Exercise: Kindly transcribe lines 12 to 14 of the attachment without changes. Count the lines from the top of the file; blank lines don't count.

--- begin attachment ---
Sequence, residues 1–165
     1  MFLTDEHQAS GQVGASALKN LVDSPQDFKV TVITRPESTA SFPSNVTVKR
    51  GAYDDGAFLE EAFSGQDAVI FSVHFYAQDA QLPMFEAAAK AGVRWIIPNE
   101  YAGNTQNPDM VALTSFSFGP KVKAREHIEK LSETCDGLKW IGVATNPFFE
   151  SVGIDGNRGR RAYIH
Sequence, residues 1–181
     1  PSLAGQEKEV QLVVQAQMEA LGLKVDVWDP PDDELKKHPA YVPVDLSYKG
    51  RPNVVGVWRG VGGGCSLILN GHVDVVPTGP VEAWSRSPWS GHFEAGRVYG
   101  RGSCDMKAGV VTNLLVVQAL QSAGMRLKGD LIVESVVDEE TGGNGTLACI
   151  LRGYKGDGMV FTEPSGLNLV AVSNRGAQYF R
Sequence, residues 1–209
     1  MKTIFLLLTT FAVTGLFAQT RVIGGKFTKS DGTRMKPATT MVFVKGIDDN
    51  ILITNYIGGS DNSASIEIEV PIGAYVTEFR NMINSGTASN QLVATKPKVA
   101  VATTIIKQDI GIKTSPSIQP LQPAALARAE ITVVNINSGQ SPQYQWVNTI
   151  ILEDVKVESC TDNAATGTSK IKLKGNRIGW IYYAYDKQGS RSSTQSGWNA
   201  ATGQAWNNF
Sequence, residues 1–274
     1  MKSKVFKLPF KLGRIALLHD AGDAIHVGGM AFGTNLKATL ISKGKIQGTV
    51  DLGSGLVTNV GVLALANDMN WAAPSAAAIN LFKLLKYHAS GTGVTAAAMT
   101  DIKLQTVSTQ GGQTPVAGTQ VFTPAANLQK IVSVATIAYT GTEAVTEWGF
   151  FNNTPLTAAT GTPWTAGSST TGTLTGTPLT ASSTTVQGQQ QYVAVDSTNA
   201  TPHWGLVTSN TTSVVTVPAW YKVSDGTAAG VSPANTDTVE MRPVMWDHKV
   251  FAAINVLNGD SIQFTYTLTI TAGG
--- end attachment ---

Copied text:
     1  MKTIFLLLTT FAVTGLFAQT RVIGGKFTKS DGTRMKPATT MVFVKGIDDN
    51  ILITNYIGGS DNSASIEIEV PIGAYVTEFR NMINSGTASN QLVATKPKVA
   101  VATTIIKQDI GIKTSPSIQP LQPAALARAE ITVVNINSGQ SPQYQWVNTI